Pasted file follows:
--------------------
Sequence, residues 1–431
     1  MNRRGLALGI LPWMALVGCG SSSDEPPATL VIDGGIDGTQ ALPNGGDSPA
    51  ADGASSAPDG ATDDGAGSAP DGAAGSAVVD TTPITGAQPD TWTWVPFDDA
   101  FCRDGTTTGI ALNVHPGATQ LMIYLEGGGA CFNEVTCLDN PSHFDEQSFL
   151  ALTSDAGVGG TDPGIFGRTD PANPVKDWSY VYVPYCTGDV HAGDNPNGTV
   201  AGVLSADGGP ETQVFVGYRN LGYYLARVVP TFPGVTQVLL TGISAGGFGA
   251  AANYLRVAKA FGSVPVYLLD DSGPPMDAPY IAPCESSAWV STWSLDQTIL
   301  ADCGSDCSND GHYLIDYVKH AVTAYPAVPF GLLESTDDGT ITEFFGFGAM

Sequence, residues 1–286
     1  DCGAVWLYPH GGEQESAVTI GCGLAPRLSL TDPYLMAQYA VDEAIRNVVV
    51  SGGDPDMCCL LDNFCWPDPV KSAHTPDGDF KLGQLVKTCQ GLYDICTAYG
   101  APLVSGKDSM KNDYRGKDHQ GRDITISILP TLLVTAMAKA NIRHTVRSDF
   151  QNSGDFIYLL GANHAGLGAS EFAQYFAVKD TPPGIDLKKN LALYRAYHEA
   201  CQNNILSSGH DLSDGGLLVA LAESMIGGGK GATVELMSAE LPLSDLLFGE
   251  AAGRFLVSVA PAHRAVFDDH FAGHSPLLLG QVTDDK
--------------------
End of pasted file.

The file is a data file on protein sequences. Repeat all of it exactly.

Sequence, residues 1–431
     1  MNRRGLALGI LPWMALVGCG SSSDEPPATL VIDGGIDGTQ ALPNGGDSPA
    51  ADGASSAPDG ATDDGAGSAP DGAAGSAVVD TTPITGAQPD TWTWVPFDDA
   101  FCRDGTTTGI ALNVHPGATQ LMIYLEGGGA CFNEVTCLDN PSHFDEQSFL
   151  ALTSDAGVGG TDPGIFGRTD PANPVKDWSY VYVPYCTGDV HAGDNPNGTV
   201  AGVLSADGGP ETQVFVGYRN LGYYLARVVP TFPGVTQVLL TGISAGGFGA
   251  AANYLRVAKA FGSVPVYLLD DSGPPMDAPY IAPCESSAWV STWSLDQTIL
   301  ADCGSDCSND GHYLIDYVKH AVTAYPAVPF GLLESTDDGT ITEFFGFGAM

Sequence, residues 1–286
     1  DCGAVWLYPH GGEQESAVTI GCGLAPRLSL TDPYLMAQYA VDEAIRNVVV
    51  SGGDPDMCCL LDNFCWPDPV KSAHTPDGDF KLGQLVKTCQ GLYDICTAYG
   101  APLVSGKDSM KNDYRGKDHQ GRDITISILP TLLVTAMAKA NIRHTVRSDF
   151  QNSGDFIYLL GANHAGLGAS EFAQYFAVKD TPPGIDLKKN LALYRAYHEA
   201  CQNNILSSGH DLSDGGLLVA LAESMIGGGK GATVELMSAE LPLSDLLFGE
   251  AAGRFLVSVA PAHRAVFDDH FAGHSPLLLG QVTDDK